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Fund ratings and Best Buy lists are useless for passive investors

Before buying a TV or a toaster, I check out the reviews. Of course I take them with a pinch of salt. But if a few sources give one model a high rating and say another is better used for scrap, that’s meaningful.

In the wacky and weird [1] world of investing, this approach can lead you astray.

A reader asked us [2]:

Do you know why the Vanguard FTSE INDEX Fund is only rated as 2 Stars?

This reader is doing his or her research, and it’s a sensible-sounding question.

And they seem to be sensibly questioning what we write, too.

The question was in response to our latest Slow & Steady model portfolio [3] update. Several Vanguard index funds are in that mix.

Now, I’m not sure exactly which tracker fund the reader is referring to. The fund name they have given us is too short.

We can see Vanguard is the fund provider. FTSE is the index provider. And ‘Index’ tardily confirms that yes it’s an index fund – but we’d need more to know which specific fund.

Superficially, this matters. One [4] Vanguard ‘FTSE index fund’ in the model portfolio has a five-star rating at Morningstar. Another [5] has a four-star rating.

But perhaps the reader was referring to one we don’t use, the Vanguard FTSE U.K. All Share Index Unit Trust Accumulation Fund. This mouthful does sport [6] a two-star rating.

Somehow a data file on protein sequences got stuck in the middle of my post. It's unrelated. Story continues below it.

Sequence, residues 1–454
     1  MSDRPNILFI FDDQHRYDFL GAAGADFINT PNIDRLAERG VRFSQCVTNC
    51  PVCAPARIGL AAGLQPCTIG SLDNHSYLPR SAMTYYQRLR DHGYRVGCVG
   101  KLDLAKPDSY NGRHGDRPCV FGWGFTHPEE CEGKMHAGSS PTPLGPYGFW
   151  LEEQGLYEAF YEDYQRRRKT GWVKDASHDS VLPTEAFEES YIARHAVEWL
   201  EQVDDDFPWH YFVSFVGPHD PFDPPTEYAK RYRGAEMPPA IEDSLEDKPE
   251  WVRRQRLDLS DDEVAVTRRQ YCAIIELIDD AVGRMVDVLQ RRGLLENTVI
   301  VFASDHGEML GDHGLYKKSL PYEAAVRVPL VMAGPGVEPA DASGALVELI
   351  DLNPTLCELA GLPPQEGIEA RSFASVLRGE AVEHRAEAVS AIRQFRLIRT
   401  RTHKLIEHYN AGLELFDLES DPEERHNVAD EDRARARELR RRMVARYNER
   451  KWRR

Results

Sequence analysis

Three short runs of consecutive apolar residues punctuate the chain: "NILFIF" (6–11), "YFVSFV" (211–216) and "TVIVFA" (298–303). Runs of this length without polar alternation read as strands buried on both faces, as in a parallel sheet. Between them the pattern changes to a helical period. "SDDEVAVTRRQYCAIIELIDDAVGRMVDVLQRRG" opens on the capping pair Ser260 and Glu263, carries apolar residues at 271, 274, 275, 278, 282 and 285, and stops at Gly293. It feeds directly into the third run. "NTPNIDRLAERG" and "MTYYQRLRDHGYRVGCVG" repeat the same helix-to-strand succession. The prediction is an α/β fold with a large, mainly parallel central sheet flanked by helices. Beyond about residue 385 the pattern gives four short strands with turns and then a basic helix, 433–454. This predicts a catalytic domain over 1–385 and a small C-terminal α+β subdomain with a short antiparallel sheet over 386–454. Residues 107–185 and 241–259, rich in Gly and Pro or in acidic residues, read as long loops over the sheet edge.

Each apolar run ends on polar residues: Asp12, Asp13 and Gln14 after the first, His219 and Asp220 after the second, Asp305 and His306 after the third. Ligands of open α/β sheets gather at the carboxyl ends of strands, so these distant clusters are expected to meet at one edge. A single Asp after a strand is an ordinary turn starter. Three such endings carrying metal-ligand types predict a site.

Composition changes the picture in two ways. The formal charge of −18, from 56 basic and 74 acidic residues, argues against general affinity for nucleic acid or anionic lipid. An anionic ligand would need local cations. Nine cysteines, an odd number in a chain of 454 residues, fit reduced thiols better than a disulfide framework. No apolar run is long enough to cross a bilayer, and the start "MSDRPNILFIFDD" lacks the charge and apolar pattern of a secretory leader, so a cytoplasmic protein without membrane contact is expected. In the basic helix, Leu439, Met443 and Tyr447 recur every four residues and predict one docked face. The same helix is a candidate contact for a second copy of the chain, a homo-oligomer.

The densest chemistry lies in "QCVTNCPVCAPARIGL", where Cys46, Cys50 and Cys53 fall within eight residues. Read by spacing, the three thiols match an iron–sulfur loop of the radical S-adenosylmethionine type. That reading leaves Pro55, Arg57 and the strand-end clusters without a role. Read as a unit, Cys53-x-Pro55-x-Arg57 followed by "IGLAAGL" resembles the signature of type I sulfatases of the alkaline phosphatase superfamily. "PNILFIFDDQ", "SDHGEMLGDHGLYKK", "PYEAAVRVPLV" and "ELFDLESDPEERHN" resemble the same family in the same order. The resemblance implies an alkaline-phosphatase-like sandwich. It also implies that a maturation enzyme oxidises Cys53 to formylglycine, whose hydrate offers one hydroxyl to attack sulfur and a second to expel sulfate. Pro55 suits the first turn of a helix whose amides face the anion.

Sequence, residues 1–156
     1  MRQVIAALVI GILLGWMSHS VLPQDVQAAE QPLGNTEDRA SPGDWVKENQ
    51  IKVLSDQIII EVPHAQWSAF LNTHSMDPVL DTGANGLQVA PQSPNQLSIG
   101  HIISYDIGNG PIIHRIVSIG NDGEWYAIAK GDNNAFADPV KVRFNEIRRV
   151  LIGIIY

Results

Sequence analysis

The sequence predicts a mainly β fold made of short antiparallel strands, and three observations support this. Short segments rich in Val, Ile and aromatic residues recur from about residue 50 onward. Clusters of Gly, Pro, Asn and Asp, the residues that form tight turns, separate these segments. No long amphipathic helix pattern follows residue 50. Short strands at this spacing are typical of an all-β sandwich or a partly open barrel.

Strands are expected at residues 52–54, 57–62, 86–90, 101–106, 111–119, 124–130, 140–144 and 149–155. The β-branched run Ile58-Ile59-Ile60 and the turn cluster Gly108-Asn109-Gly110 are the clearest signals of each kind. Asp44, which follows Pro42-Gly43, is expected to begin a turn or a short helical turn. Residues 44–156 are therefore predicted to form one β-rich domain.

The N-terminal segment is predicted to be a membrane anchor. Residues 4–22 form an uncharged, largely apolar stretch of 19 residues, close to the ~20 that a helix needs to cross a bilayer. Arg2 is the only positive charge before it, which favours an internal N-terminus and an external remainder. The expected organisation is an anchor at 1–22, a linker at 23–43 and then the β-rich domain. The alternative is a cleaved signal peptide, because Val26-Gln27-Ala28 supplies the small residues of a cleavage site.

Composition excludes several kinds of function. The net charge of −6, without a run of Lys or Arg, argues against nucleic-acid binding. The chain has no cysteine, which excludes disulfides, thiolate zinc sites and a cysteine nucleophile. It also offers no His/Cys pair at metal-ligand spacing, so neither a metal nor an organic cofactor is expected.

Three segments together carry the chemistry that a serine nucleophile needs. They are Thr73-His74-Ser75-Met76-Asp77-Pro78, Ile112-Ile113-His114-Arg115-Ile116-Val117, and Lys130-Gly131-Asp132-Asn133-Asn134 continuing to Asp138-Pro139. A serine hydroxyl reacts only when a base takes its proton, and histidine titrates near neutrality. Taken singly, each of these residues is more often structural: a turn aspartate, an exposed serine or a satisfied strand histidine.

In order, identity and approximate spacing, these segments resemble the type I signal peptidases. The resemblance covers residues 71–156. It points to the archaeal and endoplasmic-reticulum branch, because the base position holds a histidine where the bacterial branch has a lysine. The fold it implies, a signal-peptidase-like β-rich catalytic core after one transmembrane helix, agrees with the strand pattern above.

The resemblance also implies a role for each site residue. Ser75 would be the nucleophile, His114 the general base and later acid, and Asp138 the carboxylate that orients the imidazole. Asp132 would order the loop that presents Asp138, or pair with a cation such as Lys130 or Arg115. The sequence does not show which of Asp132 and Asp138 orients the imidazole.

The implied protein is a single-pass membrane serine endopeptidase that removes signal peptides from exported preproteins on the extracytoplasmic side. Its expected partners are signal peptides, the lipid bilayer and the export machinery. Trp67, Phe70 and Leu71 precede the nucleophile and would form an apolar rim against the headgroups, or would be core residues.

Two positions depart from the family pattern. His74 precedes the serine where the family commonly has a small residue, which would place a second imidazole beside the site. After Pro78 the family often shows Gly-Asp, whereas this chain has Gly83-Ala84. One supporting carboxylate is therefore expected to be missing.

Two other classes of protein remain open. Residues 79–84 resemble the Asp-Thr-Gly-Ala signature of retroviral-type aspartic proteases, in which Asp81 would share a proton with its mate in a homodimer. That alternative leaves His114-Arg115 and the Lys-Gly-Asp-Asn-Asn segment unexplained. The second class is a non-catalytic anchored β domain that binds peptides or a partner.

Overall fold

No matter. From the perspective of a passive investor, you can ignore these ratings altogether.

Stars in their eyes

According to the Financial Conduct Authority (FCA) 2016 report [7] into the asset management industry:

The Morningstar Star rating is a quantitative, risk-adjusted comparison of historical fund performance net of costs.

The methodology is applied to active and index tracker funds, and makes no distinction between them.

We have found that the methodology used to generate this rating means that index-tracker funds are likely to be assigned an average rating and generally only a minority of these receive a high rating.

So index trackers are more likely to get average ratings.

Eek! This might sound like a reason to use active funds. But let’s pause for a moment before we wheelbarrow our money down to The City’s bonfires.

For starters, there’s copious evidence the average active fund underperforms [8] the market after fees.